We have a broad number of practice areas. Some of these practice areas are closely related, so that an attorney may from time to time work in different, but related, practice areas.
We want all of our lawyers to be well rounded in their knowledge and understanding of the law. Therefore, regardless of what practice areas an attorney may ultimately choose, we think all lawyers are well served to have some exposure to all of our practice areas. For example, even a lawyer who concentrates almost solely in the area of estate planning should have some knowledge of and experience in the area of litigation, so that the estate planning lawyer can properly identify issues involving litigation that may come up in the course of that lawyer’s estate planning practice. Thus, our younger lawyers are generally encouraged to participate in a broad range of our practice areas.
However, because our practice typically involves more complex projects requiring significant knowledge and experience, we encourage all of our lawyers to ultimately settle on one or more related practice areas in which they can become highly proficient.
Some associates who join us have already decided upon the practice area or areas in which they want to engage. Typically, this subject will have been discussed in detail between the firm and that incoming associate.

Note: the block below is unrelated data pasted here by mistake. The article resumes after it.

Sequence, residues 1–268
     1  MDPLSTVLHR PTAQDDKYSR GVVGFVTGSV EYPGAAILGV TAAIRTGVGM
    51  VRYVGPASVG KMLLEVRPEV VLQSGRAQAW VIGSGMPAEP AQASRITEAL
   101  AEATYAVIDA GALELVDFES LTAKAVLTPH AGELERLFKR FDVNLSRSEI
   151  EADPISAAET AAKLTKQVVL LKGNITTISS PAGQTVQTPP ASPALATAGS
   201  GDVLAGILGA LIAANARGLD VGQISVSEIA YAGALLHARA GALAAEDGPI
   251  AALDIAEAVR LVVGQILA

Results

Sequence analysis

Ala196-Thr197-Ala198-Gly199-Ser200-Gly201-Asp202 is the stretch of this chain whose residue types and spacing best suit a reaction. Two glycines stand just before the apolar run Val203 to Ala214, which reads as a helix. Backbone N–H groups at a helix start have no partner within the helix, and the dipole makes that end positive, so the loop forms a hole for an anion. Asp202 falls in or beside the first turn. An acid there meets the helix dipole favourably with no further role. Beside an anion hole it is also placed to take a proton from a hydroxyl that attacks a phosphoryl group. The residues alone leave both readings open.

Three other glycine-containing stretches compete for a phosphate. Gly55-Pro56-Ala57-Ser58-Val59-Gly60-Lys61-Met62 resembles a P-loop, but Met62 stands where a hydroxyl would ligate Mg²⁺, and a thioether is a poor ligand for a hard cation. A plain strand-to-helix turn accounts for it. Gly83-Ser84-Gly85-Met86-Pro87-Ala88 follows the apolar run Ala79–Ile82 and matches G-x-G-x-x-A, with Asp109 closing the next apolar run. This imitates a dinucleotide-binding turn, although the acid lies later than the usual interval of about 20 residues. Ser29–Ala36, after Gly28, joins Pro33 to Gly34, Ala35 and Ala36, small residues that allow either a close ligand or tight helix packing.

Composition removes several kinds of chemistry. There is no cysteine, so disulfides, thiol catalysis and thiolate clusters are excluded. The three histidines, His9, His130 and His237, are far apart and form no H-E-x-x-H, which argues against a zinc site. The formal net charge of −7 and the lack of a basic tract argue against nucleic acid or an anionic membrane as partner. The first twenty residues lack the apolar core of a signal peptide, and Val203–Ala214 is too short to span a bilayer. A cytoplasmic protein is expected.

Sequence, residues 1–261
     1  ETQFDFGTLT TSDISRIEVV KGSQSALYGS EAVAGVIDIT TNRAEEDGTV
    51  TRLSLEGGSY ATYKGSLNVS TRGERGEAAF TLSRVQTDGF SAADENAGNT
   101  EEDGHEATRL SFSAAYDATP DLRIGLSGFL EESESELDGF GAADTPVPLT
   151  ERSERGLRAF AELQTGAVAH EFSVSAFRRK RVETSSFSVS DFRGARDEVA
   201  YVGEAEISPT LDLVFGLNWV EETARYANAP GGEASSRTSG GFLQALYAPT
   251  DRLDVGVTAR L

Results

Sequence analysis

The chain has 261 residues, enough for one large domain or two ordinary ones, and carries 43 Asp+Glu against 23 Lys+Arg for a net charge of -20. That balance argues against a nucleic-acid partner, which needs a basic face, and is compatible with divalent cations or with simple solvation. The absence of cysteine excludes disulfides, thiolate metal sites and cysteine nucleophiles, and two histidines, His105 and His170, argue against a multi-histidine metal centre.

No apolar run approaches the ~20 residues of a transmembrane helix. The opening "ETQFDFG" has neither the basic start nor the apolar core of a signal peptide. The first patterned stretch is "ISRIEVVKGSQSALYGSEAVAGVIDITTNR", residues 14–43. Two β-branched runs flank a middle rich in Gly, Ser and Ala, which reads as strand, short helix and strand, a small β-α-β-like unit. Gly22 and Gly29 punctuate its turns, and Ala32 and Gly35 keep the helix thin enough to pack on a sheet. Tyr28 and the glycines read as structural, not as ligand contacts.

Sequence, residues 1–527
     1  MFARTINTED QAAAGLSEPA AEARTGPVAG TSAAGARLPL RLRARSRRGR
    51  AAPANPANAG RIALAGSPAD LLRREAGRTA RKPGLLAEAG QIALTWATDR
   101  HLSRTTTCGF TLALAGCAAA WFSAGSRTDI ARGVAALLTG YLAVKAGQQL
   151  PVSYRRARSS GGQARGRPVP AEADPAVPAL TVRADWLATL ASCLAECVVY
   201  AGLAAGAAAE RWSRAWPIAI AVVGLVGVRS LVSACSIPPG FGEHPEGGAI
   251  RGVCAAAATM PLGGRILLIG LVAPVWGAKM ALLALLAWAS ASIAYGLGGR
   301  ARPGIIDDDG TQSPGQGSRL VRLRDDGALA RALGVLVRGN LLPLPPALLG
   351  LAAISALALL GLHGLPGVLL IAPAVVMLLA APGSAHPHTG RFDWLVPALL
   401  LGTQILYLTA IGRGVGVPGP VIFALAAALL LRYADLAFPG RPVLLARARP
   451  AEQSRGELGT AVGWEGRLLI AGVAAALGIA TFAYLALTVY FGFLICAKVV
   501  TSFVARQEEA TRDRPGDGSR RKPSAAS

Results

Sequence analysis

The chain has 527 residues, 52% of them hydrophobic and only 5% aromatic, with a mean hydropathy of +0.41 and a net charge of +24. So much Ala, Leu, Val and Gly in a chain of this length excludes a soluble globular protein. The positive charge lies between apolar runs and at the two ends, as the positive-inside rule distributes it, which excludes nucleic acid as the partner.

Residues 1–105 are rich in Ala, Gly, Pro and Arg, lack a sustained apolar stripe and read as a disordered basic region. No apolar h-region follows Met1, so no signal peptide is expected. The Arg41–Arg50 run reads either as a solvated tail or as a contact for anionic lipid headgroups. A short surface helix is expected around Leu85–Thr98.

In other cases, an associate may not be sure about what areas in which that associate wants to practice. In those instances, we will make an effort to involve the associate in different practice areas to help the associate and the firm decide where the associate has the best aptitude and interest.
Sometimes, an associate may start out in one practice area, but after several years, the associate may want to cross over into other practice areas. We have always been accommodating to such a change.
We will work with an associate to permit the associate to be engaged in the practice areas in which the associate is most interested and proficient. We would never ask an associate to stay in a practice area in which that associate did not want to participate. An associate’s compensation is not determined by that associate’s practice area.